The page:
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    1. Hi cleemmckenzi, I am so happy that you mentioned this! I always think that people tend to rush around, always thinking about the next place they want to be, and then, when they are finally there, they are still someplace else. It is so interesting to slow your pace down to just yourself, and then see what's really going on and whose around to share it with- the simple, ordinary time suddenly becomes quite extraordinary and precious. Thanks for sharing your thoughts with us : ) ~ F

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  6. Life lessons are just that - with you for life. I am 62, and the things that impacted on me as a child resonate through my life and fill my writing. Being the 'odd one out', finding friendships hard to make. Even today, smells like grass cutting and petrol and bread baking transport me back to my past. We need to see all these things as a good part of what makes us..us. Even bad things in our 'suitcase' can be brought into the light and transformed. I think. Good to meet you,DMS. Just stopping by to say 'Hi'.

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    1. Hi Carol, Great to meet you too! I completely agree- as the good and bad are both subjective depending upon your story. I always try to remind myself when something happens that I think shouldn't happen, that I'm not in charge of the moment, just the story that I tell myself about it. And, looking back, I can see the connections of how some things that I thought were not so great, turned out to be fine : ) ~ F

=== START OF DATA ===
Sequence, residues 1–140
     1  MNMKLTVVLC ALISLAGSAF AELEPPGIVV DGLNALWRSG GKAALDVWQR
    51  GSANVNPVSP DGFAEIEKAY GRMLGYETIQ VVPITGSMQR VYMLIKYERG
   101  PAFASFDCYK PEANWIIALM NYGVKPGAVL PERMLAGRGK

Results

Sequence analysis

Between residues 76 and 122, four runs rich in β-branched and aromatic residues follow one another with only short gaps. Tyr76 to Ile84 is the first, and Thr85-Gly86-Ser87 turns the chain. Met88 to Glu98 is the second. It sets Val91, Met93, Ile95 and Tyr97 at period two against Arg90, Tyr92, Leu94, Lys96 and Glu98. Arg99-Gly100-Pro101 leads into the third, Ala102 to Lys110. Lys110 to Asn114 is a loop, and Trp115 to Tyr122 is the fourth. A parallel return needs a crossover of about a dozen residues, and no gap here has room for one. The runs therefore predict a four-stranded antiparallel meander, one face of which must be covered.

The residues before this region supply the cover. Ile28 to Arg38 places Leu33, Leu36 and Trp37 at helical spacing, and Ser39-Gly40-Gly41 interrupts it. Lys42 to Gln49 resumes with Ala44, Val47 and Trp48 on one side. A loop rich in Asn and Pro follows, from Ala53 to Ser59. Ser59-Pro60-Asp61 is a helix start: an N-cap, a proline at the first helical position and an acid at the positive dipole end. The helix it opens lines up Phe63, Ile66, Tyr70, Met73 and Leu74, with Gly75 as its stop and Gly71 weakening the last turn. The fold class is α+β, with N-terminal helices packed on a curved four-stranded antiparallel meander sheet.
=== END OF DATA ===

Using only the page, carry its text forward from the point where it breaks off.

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  7. Just remembering all of the things that my parents valued and taught me to value...I treasure them...

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    1. Hi Patty, So important to listen to your parents! They have already done everything you think you're going to do : ) ~ F

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  8. My son impacted who I am. (he's one of six boys and one girl) He has a rare brain disorder, but he teaches me stuff every day. I am SOOOO thankful for him. *waves peace sign*

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    1. Hi Robyn, Thanks so much for sharing your thoughts with us! Life is completely amazing in what it can teach us ♥ Best wishes to you and your family : ) ~ F

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  9. A long time ago, I tripped across a single sentence that opened my eyes, heart & mind to a particular way of thinking, a simple sentence that would prove it's worth time and again: